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Panera Bread lets diners 'pay what you can'

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ZUMA Press/Newscom/File

(Read caption) Two-year-old Emmett Quigley stuffs dollar bills into the Panera Cares Cafe donation box as his aunt, Julieanne Quigley, reads the mission statement of the shared responsibility restaurant. Panera Cares Cafe, a unique nonprofit community restaurant, opened in Portland, Ore. Cafe guests order and then are presented with, not a totaled bill, but a 'suggested price.' Many guests pay that figure, some pay more to subsidize the effort, and some pay a reduced total or nothing at all.

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After a year, Panera Bread's experiment with "pay what you can" restaurants seems to be working. The cafe chain now has three locations using the donations-only model (Clayton, Mo., Dearborn, Mich., and Portland, Ore.), out of its nearly 1,500 locations nationwide.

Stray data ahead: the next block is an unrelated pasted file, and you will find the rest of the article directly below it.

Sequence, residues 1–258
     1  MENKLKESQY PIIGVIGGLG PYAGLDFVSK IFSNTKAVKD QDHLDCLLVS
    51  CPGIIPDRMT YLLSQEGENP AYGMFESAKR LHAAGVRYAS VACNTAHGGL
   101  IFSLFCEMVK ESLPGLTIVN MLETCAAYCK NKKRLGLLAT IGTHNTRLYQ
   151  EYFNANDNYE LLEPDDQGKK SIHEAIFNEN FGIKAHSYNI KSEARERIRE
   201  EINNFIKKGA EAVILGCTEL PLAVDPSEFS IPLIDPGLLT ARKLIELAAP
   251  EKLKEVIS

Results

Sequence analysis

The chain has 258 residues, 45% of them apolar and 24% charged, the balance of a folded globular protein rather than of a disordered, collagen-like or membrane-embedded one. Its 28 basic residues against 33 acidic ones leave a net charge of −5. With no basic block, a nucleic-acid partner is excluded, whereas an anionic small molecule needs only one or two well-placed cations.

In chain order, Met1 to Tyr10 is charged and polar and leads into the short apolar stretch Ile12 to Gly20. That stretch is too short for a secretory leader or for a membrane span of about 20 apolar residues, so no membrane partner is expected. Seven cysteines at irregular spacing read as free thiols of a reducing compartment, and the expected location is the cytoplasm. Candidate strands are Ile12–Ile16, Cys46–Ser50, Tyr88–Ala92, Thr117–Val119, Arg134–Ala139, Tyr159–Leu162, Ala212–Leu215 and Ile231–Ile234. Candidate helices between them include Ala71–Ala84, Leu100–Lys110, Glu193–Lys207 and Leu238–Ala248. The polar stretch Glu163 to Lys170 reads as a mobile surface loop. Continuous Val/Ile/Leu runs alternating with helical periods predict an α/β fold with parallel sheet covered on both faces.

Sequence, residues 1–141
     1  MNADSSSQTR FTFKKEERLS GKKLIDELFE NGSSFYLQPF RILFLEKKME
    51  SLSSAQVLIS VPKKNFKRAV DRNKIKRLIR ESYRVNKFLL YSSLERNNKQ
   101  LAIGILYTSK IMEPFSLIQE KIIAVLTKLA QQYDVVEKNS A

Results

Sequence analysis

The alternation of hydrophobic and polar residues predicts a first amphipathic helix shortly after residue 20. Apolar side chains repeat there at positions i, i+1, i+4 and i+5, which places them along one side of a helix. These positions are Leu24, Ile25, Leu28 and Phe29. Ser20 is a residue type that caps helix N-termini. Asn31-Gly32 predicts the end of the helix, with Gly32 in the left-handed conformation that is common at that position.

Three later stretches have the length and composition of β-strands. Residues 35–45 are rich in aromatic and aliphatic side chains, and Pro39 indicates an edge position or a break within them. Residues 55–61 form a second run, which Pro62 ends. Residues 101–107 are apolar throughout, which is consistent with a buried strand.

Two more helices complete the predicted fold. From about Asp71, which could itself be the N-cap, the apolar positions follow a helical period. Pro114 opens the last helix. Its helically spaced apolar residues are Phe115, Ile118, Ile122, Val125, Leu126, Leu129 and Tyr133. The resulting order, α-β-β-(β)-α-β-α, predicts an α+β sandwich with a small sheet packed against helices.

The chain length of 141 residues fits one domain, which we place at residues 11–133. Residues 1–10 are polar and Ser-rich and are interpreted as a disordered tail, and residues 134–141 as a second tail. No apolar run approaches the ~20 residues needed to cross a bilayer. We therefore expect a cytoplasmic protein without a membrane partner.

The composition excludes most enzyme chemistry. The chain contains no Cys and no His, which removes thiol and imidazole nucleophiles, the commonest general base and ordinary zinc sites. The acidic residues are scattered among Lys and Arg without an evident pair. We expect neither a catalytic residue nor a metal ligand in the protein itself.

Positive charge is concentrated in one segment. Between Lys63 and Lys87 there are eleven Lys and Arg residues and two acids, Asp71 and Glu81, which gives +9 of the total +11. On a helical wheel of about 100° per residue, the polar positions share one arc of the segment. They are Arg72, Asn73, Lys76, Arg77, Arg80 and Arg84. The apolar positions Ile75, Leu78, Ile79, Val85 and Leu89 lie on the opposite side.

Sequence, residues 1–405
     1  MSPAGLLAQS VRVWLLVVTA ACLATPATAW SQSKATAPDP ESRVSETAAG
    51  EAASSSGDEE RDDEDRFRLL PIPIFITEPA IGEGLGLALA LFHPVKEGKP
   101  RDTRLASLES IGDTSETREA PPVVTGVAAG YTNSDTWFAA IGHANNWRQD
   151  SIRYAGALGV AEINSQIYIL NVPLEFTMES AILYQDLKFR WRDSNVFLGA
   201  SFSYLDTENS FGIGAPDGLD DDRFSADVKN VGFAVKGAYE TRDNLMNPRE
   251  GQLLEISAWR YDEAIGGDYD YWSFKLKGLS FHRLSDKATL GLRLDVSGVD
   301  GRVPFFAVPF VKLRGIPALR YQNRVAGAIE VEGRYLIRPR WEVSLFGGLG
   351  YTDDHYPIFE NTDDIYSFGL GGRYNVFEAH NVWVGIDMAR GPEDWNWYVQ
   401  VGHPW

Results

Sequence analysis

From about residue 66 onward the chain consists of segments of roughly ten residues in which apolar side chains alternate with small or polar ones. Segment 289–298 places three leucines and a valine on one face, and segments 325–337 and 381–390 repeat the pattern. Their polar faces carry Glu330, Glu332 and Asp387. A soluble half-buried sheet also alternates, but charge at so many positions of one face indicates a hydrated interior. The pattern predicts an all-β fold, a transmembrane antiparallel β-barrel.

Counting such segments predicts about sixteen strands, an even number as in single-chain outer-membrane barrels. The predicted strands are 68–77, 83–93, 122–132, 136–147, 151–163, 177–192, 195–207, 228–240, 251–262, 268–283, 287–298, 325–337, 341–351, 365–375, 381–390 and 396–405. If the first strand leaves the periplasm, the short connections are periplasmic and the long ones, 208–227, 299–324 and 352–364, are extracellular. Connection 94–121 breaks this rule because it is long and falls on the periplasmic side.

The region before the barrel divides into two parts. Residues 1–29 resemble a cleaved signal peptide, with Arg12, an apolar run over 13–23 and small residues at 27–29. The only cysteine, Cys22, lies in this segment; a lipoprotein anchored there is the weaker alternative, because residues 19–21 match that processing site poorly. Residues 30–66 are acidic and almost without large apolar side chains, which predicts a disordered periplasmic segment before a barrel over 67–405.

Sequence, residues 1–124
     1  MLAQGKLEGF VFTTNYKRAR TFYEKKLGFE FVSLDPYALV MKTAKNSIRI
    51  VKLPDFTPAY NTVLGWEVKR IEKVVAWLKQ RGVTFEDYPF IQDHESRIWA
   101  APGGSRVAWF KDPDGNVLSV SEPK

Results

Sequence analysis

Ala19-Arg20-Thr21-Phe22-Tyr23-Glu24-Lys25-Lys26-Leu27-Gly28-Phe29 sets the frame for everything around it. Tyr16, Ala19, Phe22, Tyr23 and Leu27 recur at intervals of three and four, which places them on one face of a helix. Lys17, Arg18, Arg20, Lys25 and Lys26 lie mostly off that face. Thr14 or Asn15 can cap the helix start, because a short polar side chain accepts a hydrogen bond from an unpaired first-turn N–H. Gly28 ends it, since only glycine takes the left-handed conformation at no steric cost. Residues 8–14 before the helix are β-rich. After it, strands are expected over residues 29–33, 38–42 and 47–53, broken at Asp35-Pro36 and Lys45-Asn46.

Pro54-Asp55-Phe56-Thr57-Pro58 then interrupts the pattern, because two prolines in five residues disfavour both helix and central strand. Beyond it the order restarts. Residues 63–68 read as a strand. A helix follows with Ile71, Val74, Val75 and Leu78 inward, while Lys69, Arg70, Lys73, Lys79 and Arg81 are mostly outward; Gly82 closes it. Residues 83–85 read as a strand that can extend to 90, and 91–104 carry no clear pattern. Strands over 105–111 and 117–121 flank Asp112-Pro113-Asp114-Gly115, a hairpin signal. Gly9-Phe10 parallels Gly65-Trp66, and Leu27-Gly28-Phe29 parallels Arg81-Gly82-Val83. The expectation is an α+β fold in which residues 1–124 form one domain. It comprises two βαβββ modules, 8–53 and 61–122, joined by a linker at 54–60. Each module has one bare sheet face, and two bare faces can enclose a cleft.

"We were doing this for ourselves to see if we could make a difference with our own hands, not just write a check, but really make a contribution to the community in a real, substantive way," Panera founder and Chairman Ronald Shaich told The Associated Press. The program, which Panera calls "Panera Cares," is an example of a "community kitchen," the AP says, in which for-profit companies act in part like nonprofits.

Most patrons, it finds, drop the entire retail cost, or more, into the voluntary donation box, in essence subsidizing a meal for someone who can't pay the full amount. Panera says about 60 percent leave the suggested amount; 20 percent leave more; and 20 percent leave less. The largest single payment so far? One person paid $500 for a meal.


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